Academic journal article Journal of Biblical Literature

Topographical Considerations and Redaction Criticism in 2 Kings 3

Academic journal article Journal of Biblical Literature

Topographical Considerations and Redaction Criticism in 2 Kings 3

Article excerpt

The story in 2 Kings 3 displays several problems in its content and syntax that cannot be solved on a synchronic level alone. However, the narrative displays a certain consistency so that a diachronic approach is tentative at best and cannot really rest upon separate redactional strata established on the basis of syntactical or lexical features alone.

Thus, together with a discussion of content-related problems (section I) and of the syntactical structure (section III), a fresh analysis of the topographical data (section II) may provide additional insight into the development of this narrative. Redaction criticism, therefore, should not dismiss a topographical approach. At least two levels of composition are to be found in 2 Kings 3. The more original story recounts a northern attack on Moab by Israel alone. The topographical setting is shifted to the south only in a secondary expansion. Thus, a careful topographical examination corroborates the existence of certain redactional strata in 2 Kings 3. Content- related problems, however, should not be neglected and will therefore be discussed first (section I).


Concerning the content of this narrative, there are many implausibilities that can hardly be explained on a synchronic level alone and thus betray some well-done redactional reworking:1

a. The use of the southern route to attack northern Moab was impractical and a ridiculous detour.2 It can be explained only by the involvement of the king of Edom or by the alliance with Judah.

b. The mustering of such a great army consisting of allies from three kingdoms was unnecessary against a rather irrelevant opponent like Moab. Thus, the enlargement of the army must be secondary.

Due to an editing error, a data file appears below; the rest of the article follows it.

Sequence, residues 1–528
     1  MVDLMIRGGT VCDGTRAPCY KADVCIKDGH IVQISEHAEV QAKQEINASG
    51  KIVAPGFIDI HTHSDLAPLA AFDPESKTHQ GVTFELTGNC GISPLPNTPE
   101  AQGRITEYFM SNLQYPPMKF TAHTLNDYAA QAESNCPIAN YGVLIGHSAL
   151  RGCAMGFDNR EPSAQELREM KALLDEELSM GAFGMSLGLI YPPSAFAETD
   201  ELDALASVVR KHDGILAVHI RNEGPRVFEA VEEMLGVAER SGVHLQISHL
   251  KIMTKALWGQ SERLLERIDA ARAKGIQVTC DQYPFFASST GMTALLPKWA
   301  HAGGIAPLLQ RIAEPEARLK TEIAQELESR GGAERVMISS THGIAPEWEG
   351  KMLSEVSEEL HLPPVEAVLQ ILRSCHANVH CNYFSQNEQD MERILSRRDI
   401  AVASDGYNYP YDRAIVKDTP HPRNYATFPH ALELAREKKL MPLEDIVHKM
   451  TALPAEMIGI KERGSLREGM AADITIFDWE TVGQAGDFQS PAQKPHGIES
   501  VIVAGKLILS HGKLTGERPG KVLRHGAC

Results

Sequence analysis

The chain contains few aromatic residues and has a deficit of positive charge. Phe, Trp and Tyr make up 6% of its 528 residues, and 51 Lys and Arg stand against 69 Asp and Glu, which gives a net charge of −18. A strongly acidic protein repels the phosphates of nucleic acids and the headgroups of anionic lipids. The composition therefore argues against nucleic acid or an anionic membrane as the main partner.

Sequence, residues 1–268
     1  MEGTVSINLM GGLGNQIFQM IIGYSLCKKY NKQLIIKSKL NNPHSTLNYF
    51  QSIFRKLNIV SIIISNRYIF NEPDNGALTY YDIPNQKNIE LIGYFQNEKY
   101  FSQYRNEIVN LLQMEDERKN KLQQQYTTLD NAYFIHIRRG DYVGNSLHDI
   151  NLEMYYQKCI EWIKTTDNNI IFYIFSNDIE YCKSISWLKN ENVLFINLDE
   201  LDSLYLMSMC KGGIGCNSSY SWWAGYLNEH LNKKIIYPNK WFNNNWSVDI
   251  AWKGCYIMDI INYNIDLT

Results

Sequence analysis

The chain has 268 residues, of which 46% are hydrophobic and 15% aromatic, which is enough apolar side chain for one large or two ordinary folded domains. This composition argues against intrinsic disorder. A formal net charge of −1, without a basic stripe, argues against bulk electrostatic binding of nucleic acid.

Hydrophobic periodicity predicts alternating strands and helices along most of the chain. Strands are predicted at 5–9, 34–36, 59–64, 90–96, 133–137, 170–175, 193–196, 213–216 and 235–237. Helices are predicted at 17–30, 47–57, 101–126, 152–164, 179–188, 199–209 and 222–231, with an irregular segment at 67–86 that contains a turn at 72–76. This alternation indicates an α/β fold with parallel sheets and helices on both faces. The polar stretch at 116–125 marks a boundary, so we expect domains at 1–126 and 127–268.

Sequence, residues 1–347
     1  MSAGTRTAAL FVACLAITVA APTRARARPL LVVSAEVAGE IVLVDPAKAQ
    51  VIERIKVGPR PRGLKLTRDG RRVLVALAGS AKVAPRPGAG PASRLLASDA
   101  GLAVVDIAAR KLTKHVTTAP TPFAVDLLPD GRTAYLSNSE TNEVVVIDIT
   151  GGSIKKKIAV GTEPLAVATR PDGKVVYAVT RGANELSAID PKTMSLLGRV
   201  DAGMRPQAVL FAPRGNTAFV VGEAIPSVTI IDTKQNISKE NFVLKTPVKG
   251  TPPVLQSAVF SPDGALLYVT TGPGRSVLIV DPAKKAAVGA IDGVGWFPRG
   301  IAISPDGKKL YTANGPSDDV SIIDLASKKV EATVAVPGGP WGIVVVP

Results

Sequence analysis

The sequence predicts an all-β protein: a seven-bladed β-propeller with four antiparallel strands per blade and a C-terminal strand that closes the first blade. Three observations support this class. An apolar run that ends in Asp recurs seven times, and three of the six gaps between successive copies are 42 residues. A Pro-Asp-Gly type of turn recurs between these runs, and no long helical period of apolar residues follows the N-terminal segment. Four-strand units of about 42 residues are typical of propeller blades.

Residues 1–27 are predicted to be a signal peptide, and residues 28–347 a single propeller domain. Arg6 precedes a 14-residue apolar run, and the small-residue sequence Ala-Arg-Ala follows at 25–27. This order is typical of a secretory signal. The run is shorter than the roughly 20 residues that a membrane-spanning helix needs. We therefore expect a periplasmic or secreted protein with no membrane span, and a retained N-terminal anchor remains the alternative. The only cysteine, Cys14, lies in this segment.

c. The lack of water can be explained by inadequate planning and failure to consult a prophet. However, one wonders why a nomadic people like the Edomites did not know of sufficient water holes in their own territory. This inconsistency might be due to the insertion of Elisha's oracle into an already existing context. However, the original tradition cannot be separated from the current version of the narrative, as there are many connections between oracle and surrounding context. The double thrust of the oracle also seems to indicate some reworking that cannot be defined exactly.

d. In v. 11 Jehoshaphat asks for a prophet of the Lord, in hopes of receiving a favorable oracle.3 It is striking that the king of Judah, and not the Israelite commander, is seeking a prophet in this disastrous situation. Even the answer is given only by a servant of the king of Israel and not by the king himself. Thus, it seems that the king of Israel is, to some extent, dispensable.4

e. How is it that Elisha was around just when the allied kings were looking for a prophet of YHWH? He simply appears in the story without any clear-cut motivation. Furthermore, his actions are only subsidiary to the main plot.5 Clearly, the account with Elisha is secondary. The abrupt appearance and departure of Elisha are similar to those of Elijah. This feature could be a peculiarity of the Elijah-Elisha narratives, suggesting redactional reworking.

f. The origin of the water supply is given different explanations.6 On the one hand, the soldiers are supposed to dig trenches for water;7 on the other hand, the valley is filled unexpectedly with water, although there are no signs of wind or rain. Furthermore, the infinitive absolute in v. 16 is not a forecast and need not be given by a prophet; it is an ordinary instruction of a commander to his soldiers in need of water. Redactional reworking of these sayings is possible but hardly verifiable. As a whole, Elisha's oracle comprises three things: the digging of ditches, the flooding of the valley, and the handing over of Moab.8 The first two sayings promise a remedy for the immediate misery of the army and animals, whereas the last one is a promise of divine help against Moab. …

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